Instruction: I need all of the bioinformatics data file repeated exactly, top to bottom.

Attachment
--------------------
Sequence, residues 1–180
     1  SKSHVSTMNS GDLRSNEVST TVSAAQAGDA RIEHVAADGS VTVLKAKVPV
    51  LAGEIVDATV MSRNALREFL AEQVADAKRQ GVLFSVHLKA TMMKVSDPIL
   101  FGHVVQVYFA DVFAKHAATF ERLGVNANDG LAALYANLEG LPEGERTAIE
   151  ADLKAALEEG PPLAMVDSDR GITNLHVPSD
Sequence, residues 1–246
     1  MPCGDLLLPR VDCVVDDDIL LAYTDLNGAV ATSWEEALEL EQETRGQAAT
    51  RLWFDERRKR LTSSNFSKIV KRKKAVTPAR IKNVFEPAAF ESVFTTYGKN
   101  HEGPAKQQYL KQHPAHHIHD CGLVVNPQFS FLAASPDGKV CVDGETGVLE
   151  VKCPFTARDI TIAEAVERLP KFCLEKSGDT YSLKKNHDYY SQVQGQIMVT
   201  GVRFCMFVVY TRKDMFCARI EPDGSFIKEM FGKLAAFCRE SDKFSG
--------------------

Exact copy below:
Sequence, residues 1–180
     1  SKSHVSTMNS GDLRSNEVST TVSAAQAGDA RIEHVAADGS VTVLKAKVPV
    51  LAGEIVDATV MSRNALREFL AEQVADAKRQ GVLFSVHLKA TMMKVSDPIL
   101  FGHVVQVYFA DVFAKHAATF ERLGVNANDG LAALYANLEG LPEGERTAIE
   151  ADLKAALEEG PPLAMVDSDR GITNLHVPSD
Sequence, residues 1–246
     1  MPCGDLLLPR VDCVVDDDIL LAYTDLNGAV ATSWEEALEL EQETRGQAAT
    51  RLWFDERRKR LTSSNFSKIV KRKKAVTPAR IKNVFEPAAF ESVFTTYGKN
   101  HEGPAKQQYL KQHPAHHIHD CGLVVNPQFS FLAASPDGKV CVDGETGVLE
   151  VKCPFTARDI TIAEAVERLP KFCLEKSGDT YSLKKNHDYY SQVQGQIMVT
   201  GVRFCMFVVY TRKDMFCARI EPDGSFIKEM FGKLAAFCRE SDKFSG